From outer space, astronauts can easily see the Great Rift Valley stretching from East Africa in the south to Syria in the north. It is the reason for many of the geological formations of the Middle East, including the Red Sea, the Arava Valley, the Dead Sea, the Jordan Valley and the Beqaa Valley. The rift is caused by two massive tectonic plates that push against each other — the Arabian plate to the east and the African plate to the west. While the rift was formed some 20 million years ago, ongoing pressures continue to cause shifts.
The two tectonic plates are both moving north, but at different speeds. This has led to an interesting phenomenon at Timna Park in the southern Arava Valley of Israel, on the border with Jordan. It is the home of the first copper mines in the world and was a major source of copper for the ancient kingdoms of Egypt and Israel. Because the Arabian plate in Jordan is moving a bit faster than the African plate in Israel, the other half of Timna on the Jordanian side, including that copper, is found 150 km to the north and a bit to the east in Faynan. To add to this, Ruth Schuster of Haaretz points out: “Though both Africa and Arabia are moving vaguely northward by a few millimeters a year, they are essentially parting ways. The farther Africa and Arabia pull apart, the wider the Red Sea grows: geologists call the Red Sea a baby ocean.”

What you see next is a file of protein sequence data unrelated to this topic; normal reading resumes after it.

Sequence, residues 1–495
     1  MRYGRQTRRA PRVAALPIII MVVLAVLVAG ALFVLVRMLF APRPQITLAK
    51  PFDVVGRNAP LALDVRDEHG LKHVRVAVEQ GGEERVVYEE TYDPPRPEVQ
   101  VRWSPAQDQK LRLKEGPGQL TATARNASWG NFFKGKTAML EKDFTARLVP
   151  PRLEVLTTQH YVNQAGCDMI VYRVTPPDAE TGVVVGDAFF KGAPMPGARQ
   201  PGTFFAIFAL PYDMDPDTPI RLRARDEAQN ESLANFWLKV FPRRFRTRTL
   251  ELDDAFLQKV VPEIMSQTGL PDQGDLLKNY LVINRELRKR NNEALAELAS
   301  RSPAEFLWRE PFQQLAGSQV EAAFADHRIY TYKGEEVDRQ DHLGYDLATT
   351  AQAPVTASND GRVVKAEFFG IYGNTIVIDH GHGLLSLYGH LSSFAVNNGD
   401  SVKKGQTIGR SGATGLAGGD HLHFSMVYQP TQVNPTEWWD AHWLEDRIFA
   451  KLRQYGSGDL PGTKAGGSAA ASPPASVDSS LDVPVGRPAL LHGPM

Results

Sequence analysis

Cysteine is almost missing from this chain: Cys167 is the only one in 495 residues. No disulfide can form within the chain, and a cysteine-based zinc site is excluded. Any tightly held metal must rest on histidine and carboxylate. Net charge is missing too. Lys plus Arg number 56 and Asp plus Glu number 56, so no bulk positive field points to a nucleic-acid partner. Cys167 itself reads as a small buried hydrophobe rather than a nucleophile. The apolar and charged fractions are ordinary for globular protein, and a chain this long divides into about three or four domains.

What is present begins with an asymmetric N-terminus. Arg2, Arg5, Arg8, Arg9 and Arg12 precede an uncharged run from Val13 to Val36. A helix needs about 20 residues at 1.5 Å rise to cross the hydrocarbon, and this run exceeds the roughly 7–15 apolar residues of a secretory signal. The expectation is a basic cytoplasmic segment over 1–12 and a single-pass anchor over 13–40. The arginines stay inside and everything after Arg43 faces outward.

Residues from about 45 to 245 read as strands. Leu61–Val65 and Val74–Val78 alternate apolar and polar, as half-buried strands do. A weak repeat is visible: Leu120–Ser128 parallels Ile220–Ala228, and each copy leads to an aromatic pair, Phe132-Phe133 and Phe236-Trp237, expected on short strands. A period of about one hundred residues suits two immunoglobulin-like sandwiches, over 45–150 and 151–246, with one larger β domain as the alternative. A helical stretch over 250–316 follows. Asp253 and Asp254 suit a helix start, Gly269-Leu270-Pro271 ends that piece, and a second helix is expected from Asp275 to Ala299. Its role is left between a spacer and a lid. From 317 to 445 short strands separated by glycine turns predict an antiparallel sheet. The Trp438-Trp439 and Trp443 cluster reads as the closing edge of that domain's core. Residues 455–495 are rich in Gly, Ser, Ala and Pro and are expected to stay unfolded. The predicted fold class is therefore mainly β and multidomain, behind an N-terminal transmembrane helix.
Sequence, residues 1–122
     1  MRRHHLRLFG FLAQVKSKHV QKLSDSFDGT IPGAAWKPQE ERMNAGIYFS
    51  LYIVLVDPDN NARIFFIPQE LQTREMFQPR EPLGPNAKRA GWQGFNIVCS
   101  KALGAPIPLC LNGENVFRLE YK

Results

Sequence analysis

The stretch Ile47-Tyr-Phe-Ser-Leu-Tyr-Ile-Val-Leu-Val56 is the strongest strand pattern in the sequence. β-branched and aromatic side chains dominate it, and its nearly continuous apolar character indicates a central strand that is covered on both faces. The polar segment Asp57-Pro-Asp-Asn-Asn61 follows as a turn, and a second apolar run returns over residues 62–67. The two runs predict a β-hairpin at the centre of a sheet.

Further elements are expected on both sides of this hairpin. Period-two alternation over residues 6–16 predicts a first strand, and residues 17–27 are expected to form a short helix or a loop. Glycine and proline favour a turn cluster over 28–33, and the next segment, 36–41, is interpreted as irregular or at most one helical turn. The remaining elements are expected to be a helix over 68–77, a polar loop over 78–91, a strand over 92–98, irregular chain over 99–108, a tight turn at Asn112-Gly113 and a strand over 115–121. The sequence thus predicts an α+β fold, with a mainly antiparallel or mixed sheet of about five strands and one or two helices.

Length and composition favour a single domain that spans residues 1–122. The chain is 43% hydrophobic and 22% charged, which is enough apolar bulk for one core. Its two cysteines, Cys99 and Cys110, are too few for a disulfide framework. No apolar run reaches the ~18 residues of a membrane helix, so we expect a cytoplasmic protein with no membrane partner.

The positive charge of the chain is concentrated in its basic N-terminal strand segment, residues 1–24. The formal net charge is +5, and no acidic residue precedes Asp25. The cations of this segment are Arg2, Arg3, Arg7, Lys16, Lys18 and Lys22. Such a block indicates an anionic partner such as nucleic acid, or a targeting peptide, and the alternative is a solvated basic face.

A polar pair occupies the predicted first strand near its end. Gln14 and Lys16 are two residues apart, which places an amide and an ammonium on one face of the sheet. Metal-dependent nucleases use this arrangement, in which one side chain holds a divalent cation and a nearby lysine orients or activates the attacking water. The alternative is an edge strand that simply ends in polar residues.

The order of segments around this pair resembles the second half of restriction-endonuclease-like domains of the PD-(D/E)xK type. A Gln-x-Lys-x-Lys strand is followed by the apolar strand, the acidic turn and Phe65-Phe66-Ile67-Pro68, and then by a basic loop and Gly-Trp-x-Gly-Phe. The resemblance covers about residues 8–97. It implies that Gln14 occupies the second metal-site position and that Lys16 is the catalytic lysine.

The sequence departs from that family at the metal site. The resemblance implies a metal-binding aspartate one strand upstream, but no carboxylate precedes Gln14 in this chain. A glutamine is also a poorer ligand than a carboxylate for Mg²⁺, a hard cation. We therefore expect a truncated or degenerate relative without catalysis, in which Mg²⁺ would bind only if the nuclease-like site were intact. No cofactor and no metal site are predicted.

All of this reminds us that stasis is not the way of the world; including for individuals, nations and politics. Many of the countries in the Middle East, including a number that sit along the Great Rift Valley, among them Saudi Arabia and Israel, are going through such shifts. A number of factors, political tectonic plates if you will, are in play: the Abraham Accords and the growing rapprochement between Israel and her Arab neighbors, the US and China vying for alliances and influence in the region, the ongoing worry over Iranian intentions, the unresolved Israeli-Palestinian conflict, and the internal Israeli struggle as it wrestles with what kind of a nation it wishes itself to be. With all this movement, the US has decided to explore an initiative involving itself, the Saudis, the Israelis and the Palestinians.
While shifting geopolitics and related interests play an important role in these developments, there is a shared concern that transcends regional politics — our shared environment, which does not know or care about the political borders and boundaries we create. The motto of the Arava Institute for Environmental Studies, located on Kibbutz Ketura, is “nature knows no borders.” That approach has allowed the institute to bring together Israeli Jews, Palestinian citizens of Israel, Palestinians, Jordanians, Moroccans and international college-age students for more than a quarter of a century to live and study together. In the wake of the Abraham Accords, the institute looks forward to more diverse participants from across the Middle East.